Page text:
Situated off the southern coast of India, Sri Lanka is home to an estimated 4000-5000 elephants- one of the densest elephant populations in Asia. Revered as a national treasure and a symbol of pride, Sri Lankan elephants are a protected species under the nation’s Wildlife Conservation Act. But in the 1980’s the development of new agricultural land surrounding Sri Lanka’s Mahaweli River (335km) brought humans and elephants into conflict. Traditional elephant migratory paths were blocked by this development, and elephants started encroaching upon farmland.
To solve this problem faced by farmers and elephants alike, the Mahaweli Authority of Sri Lanka - the institution responsible for the development of the river basin - needed to ensure that man and elephant could co-exist peacefully. When the authority was looking for a solution in the late 1980’s, Sri Lankan technology company Sunpower Systems (Pvt) Ltd introduced the concept of non-lethal high-voltage electric fencing. The company initially designed, supplied and installed two sections of 30km fence, which were powered by Gallagher Energizers, for the Mahaweli Authority. Once implemented, the responsibility for maintenance and set-up of these fences was handed over to the Department of Wildlife Conservation (DWC), which is entrusted with the task of minimising the human elephant conflict. The concept proved a huge success and today there is an estimated 3000km of elephant fencing throughout the region.
Building a fence to control an animal that typically weighs around 2500kg is no easy task. Especially when the fence has to be built through difficult jungle terrain in hot and humid conditions. Ravi Weerasekera, managing director of Sunpower Systems, says the fences are mostly installed in linear sections, each up to 20km in length. Standing up to 1.82metres high, fences typically consist of three wires, two of which are live. When an elephant touches the fence they get a short, sharp shock and this deters them from pushing against the fence again. Ravi says elephants are highly intelligent animals that learn from observation. They approach the fences with caution.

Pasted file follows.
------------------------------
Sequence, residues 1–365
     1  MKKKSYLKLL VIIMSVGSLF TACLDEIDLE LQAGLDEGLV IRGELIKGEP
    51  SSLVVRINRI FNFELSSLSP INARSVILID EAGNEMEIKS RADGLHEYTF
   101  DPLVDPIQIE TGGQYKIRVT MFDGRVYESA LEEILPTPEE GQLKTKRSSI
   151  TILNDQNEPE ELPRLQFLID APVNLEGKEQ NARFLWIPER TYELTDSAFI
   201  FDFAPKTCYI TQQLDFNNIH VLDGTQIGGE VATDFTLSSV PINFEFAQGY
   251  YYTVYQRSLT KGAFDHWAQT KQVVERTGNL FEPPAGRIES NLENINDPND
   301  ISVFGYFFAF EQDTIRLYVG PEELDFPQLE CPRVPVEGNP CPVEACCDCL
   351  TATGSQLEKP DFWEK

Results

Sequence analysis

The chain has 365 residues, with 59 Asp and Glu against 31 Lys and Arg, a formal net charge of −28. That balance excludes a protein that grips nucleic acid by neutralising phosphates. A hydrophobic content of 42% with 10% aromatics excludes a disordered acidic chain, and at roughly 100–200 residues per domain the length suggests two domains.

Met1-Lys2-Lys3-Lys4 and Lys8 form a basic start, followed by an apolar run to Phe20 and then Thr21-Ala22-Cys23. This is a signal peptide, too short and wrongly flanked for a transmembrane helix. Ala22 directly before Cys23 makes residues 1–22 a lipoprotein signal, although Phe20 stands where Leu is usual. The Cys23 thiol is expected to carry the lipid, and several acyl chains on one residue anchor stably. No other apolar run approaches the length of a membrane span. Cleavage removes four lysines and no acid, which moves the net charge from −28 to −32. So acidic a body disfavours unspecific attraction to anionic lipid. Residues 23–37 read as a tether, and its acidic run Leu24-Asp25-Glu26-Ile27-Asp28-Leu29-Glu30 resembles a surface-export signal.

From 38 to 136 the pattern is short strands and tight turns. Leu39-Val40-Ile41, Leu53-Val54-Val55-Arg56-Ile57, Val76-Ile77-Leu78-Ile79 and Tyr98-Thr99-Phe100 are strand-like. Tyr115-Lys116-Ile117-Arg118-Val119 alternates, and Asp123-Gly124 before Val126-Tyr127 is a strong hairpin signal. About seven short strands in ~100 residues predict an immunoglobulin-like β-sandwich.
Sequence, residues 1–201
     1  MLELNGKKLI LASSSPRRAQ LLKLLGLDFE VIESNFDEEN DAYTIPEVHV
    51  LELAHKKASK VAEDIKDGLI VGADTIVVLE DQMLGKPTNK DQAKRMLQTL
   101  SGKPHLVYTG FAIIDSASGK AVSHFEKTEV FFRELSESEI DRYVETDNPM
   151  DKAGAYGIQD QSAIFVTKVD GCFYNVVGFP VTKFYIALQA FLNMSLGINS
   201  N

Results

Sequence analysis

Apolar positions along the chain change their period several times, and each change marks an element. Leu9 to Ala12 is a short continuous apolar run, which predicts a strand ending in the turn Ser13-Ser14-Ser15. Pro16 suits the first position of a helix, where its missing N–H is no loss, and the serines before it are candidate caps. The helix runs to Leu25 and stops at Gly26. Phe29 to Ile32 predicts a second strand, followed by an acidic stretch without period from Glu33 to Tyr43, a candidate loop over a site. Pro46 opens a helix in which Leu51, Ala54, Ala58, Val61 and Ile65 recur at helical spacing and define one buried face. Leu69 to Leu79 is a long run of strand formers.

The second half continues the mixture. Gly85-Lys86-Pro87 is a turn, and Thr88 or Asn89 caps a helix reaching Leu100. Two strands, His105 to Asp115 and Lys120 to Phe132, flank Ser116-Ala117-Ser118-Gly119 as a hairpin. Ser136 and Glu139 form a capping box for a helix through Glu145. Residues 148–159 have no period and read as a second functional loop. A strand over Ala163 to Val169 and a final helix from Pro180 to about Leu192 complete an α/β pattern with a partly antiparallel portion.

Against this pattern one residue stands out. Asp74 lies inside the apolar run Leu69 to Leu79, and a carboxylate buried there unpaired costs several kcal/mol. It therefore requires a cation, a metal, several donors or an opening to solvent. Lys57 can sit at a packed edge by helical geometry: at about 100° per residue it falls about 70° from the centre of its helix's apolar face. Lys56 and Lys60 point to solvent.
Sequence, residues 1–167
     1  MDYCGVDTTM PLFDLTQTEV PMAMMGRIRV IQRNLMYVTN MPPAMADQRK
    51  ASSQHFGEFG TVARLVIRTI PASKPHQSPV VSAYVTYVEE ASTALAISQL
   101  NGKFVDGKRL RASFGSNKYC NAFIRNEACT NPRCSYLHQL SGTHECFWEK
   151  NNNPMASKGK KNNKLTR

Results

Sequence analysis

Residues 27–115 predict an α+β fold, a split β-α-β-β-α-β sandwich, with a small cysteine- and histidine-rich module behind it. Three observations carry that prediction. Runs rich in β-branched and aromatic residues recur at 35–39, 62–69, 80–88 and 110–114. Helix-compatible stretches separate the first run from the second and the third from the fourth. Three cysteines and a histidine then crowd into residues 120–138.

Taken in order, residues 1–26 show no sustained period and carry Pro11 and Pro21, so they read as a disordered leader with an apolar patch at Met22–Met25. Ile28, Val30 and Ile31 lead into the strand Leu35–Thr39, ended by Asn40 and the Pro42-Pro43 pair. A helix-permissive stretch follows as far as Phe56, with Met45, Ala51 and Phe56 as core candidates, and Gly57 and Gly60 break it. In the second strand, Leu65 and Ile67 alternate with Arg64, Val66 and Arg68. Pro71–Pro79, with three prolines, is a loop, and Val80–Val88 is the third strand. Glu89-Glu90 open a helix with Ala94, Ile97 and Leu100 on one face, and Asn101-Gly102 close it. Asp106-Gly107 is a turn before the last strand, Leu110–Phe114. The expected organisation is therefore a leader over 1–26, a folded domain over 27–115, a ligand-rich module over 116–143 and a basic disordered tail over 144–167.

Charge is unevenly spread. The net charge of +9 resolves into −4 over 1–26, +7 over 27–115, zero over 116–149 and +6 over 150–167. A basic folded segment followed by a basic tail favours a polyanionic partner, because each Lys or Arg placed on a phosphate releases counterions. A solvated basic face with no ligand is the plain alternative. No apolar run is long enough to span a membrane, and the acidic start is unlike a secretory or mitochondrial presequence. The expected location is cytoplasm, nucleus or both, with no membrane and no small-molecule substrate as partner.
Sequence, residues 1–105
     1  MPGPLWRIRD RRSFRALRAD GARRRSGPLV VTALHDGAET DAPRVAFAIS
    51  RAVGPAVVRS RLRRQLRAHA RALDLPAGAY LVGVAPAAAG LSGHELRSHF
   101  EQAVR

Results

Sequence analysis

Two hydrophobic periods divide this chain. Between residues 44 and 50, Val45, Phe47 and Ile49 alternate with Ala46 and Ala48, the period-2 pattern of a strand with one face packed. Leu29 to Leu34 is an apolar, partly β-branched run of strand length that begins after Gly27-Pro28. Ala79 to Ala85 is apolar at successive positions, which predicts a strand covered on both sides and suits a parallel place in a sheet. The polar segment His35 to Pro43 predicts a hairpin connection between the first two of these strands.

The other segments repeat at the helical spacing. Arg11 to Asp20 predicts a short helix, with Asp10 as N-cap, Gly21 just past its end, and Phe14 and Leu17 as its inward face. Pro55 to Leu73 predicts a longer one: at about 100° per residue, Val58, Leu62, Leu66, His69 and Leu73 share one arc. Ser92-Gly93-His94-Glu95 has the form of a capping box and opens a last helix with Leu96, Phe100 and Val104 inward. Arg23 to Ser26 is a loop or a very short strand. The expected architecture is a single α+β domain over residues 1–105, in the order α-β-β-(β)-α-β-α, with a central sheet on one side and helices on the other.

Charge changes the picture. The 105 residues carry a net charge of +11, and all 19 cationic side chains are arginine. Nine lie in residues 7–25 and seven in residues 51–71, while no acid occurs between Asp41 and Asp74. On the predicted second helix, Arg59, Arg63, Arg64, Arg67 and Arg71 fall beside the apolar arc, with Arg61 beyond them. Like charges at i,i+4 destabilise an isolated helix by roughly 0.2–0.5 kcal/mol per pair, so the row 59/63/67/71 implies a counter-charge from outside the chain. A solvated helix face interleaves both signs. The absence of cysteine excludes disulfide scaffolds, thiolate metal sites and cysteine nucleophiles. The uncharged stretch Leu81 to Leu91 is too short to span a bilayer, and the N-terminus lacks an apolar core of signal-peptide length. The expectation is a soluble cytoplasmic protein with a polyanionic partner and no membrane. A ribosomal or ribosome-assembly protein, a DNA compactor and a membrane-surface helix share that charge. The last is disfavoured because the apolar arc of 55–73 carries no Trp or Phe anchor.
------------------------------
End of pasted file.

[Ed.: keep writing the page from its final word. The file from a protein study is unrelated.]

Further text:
At some wildlife parks, for example, people will try to feed the elephants from behind the fencing and “a whole herd of elephants” will be lined up along the fence at a measured distance, waiting for food to come through. “It’s quite a dangerous situation and feeding the elephants is certainly not encouraged, but it does show the respect elephants have for these fences.”
He says the fences are powered by Gallagher Energizers which are sited in control rooms in the middle of each 20km section. Local villagers are trained to maintain the fences and this includes keeping the fences clear of vegetation. They also learn how to use the solar-powered equipment and perform voltage checks. In the early stages of fence development the fences were powered by B1200 Gallagher Energizers, “which performed very well in tough conditions”, but in recent years these have been replaced by MBX 2500 and MBX 1500 Energizers.
These Energizers monitor the fence status and correct any fluctuations automatically. They also generate an alarm when manual intervention is necessary. Ravi says the Energizers are very popular with the people who look after the fences. “They make fence maintenance easier due to the amount of fence performance information available on the Energizer itself. They are also very reliable.”
He says Gallagher Energizers are spread throughout the region. Ravi says Gallagher electric fencing products are used widely throughout Sri Lanka in pastoral farming and security applications. Many pastoral farms in Sri Lanka also require perimeter fencing to keep predatory pests like leopards and wild boar away from livestock. The newly built international airport in the southern region of Sri Lanka also has a Gallagher electric fence to prevent elephants from wandering onto the runway.
December 02, 2013